The chicken and egg dilemma presented in a recent study by Transport & Environment (T&E) is whether the acceptance of electric vehicles (EVs) will expand from more charging sites to drive sales or from sales of more EVs.  The answer is important because it defines, to some extent, where funding is focused, including on how many charging sites are necessary.

Perhaps most opinion would have argued that it seems like common sense that you have to have more public charging sites before the public will feel comfortable in switching from fossil-fuel cars to EVs.  That sense may be common but it is not necessarily accurate.

For the T&E study finds that public chargers are used by the public for only 5% of charging events.  Instead, the public relies on charging their cars at home and/or at work where faster chargers are generally available, in contrast to the typically slower kerbside sites.  There is a difference on this issue between western/northern Europe and southern/central/eastern Europe.







In western and northern Europe, the evidence indicates that there are, and will be, sufficient charging sites to provide service for the current and planned number of EVs on the road.  While the Commission recommends that each charging point be able to service 10 EVs, at present there are only 5 EVs on the road for each pubic charging point.  So there is plenty of room to handle current levels of EVs.  Based on estimated increases in both EVs and chargers there will be 220,000 chargers by 2020 and a ratio of 10:1 EVs per charging point, within the Commission’s target.

Along EU highways there is also abundant capacity of chargers.  By 2020 there will be 1,000 ultra-fast (150-350 kW) chargers that will provide replenishing an EV for an additional 400 km of range in 15 minutes.  More than 2,500 fast chargers (50 kW) are available today and this number will double by 2020.   That capacity will equal a charging point every 34 km along the strategic TEN-T (Trans-European Transport) Core Network.

The study notes that fast charging along highways is the only charging type that has increased, e.g., in Norway, and that is likely due to improved coverage, faster charging networks, and increased driving ranges.  Moreover, since it is recommended that drivers take 10-15 minute breaks every two hours of driving (typically over major roadways), having sites that make it possible to recharge the EV in that time will considerably reduce range anxiety.





The study concludes that all this capacity will support the early EV market.  Moreover, the study finds that the need for public investment in public charging sites will gradually reduce between 2020 and 2025 and that the cumulative cost of public charging at €12 billion is a small fraction of the EU spend of €100bn every year in transport infrastructures.

The situation in the rest of Europe lags behind western/northern Europe by 5-10 years.  While the supply of EV chargers in these regions is much lower than in western/northern Europe, so are the number of EVs sold, so the balance between the two does not undermine acceptance of EVs.  There is some hope for improvement because the Commission budget for 2020-27 commits at least 60% of the EU cross-borer infrastructure fund on schemes to fight climate change, including  €30bn for transport in the Connecting Europe Facility.  Moreover, the study notes that as EV technology becomes cheaper, in part due to the advances made possible by deployment in western/northern Europe, e-mobility will increase in southern/central/eastern Europe.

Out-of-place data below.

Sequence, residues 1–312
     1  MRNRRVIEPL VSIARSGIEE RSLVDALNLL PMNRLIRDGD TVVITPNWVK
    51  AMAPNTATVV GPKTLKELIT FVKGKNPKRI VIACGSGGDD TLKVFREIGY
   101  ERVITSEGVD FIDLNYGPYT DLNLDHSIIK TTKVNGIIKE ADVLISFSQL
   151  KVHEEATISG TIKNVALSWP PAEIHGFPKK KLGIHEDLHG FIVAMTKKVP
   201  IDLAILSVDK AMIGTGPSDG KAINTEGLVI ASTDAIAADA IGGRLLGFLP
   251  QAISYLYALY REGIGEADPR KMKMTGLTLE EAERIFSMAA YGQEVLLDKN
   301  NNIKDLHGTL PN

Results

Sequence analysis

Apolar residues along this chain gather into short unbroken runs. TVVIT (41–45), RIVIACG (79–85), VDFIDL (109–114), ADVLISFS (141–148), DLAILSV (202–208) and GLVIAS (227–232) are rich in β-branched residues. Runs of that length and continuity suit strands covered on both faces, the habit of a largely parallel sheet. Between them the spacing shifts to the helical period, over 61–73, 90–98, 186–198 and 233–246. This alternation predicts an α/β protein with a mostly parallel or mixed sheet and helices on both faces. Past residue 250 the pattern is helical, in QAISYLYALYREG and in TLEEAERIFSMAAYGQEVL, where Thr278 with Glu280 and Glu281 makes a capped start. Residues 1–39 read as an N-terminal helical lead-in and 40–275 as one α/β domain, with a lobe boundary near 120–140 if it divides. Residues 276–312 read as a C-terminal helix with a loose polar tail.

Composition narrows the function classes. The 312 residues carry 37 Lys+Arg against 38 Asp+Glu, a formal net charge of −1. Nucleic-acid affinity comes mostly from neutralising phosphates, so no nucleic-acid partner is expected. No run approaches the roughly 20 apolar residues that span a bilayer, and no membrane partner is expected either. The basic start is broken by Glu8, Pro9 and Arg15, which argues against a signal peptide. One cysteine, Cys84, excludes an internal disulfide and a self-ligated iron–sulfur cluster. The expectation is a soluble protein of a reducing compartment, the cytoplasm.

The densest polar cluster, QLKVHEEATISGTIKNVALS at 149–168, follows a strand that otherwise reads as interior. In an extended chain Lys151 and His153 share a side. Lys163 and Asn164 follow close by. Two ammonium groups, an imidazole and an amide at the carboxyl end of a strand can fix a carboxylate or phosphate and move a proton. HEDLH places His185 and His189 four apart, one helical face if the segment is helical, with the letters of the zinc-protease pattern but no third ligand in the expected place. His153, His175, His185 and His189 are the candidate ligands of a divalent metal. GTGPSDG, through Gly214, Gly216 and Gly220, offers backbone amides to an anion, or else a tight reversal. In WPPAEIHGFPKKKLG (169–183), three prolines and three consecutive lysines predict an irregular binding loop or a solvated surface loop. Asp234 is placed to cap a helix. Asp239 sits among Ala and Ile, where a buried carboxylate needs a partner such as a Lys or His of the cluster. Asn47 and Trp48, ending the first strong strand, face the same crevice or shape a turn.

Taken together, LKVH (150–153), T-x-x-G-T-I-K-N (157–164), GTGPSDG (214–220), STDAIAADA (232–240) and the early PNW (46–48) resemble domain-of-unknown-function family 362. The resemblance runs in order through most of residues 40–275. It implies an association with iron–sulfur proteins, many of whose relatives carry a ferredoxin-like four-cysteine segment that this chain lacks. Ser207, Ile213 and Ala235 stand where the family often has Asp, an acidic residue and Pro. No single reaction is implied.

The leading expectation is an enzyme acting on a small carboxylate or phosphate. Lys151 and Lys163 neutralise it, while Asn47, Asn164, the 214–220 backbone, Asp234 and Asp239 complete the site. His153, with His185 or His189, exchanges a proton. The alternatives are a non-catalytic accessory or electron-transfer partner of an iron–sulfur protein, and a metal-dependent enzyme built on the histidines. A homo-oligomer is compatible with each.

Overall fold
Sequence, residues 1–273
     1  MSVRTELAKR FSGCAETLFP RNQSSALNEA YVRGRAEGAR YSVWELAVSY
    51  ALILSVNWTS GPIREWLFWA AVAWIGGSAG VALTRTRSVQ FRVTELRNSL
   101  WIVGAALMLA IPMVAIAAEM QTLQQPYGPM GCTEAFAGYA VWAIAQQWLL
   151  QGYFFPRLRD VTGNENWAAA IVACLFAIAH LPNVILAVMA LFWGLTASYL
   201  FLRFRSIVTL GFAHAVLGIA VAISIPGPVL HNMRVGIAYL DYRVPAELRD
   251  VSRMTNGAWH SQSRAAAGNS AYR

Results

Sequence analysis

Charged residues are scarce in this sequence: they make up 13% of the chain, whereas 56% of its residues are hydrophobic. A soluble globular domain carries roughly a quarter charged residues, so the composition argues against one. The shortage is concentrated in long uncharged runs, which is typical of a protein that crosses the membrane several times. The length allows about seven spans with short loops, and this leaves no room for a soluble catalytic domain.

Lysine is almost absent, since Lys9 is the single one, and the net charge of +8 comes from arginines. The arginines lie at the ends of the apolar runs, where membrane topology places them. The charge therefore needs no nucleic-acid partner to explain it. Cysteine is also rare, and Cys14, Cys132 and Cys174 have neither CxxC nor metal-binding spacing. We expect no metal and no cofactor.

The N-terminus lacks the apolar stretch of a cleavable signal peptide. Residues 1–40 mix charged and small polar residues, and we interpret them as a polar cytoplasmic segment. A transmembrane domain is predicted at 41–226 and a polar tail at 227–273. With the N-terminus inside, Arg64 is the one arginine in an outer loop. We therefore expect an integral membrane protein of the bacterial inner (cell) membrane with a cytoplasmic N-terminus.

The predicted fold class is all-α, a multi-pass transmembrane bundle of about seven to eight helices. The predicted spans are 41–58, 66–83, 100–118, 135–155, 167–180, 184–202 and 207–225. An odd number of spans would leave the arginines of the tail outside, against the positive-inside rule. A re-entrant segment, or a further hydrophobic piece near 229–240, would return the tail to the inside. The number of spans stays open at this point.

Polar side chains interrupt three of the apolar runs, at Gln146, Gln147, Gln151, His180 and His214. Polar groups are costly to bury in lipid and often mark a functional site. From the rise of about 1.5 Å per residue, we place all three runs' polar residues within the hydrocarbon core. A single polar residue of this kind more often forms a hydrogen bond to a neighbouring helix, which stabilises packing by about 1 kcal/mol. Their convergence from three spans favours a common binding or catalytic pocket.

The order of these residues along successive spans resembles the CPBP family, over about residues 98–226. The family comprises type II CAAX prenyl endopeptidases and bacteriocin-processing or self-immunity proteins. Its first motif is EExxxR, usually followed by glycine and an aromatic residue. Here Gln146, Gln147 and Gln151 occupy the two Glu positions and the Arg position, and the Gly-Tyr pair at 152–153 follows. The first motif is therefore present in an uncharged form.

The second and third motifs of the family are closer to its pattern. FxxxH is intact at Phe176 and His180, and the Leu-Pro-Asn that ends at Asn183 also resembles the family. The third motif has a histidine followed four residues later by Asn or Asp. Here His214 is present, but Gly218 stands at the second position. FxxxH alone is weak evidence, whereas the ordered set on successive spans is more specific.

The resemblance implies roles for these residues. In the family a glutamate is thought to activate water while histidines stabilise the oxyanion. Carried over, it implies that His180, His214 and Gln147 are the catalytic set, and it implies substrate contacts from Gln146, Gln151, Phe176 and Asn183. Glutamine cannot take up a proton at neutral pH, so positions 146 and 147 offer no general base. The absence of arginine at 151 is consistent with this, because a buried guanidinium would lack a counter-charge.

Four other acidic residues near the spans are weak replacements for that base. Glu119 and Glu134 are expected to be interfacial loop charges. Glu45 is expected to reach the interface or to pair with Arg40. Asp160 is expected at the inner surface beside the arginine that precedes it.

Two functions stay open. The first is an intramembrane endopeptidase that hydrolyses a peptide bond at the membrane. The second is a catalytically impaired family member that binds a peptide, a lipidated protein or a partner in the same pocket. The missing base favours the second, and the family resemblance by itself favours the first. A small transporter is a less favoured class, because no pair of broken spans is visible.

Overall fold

The challenge of cities

Recharging in cities presents particular challenges.  By 2050 about 75% of all people will live in urban areas, and cities remain a major destination point for travels.  Therefore, most public recharging infrastructure will be found in cities, and on highways leading to these cities.  It is expected that cities will rely on a mixture of slow, fast and ultra-fast charging points, while highways will rely on fast and ultra-fast chargers.

Since 95% of charging is done at home or work, cities present particular challenges.  Home often means a multi-user building where occupants would have to have access to chargers in their own or a commercial garage, which may or may not have the space to house sufficient chargers, which likely would have to be subject to some schedule of users.   Charging at work may also present problems as many city dwellers (and hopefully more and more) will commute to work by public transport, or walk or cycle, so their EV will stay home, wherever that might be.






The increase in shared rides, and shared ownership of EVs, especially in urban areas, will also impact the use and accessibility of charging points in the near future.

One factor relieving some of the pressure on recharging in cities is that EVs are expanding their real-world ranges, and are expected to soon reach 400 km.  One of the consequences is that the average urban driver typically will need to recharge only once a week.

Conclusion: Psychological Tipping Point

The study presents solid evidence that the availability of public chargers is not determinative of broader support for purchase of EVs.  At the same time, it is acknowledged that if there were a shortage of public chargers that would most likely have a psychological effect on reducing demand for EVs, even though most users would not rely on these public chargers once they bought the EV.   Such a phenomenon should not be discounted because switching to EVs, and other forms of renewable energy, is as much about behavior as technology.



Transport & Environment, Roll-out of public EV charging infrastructure in the EU:  Is the chicken and egg dilemma resolved? (September 2018).





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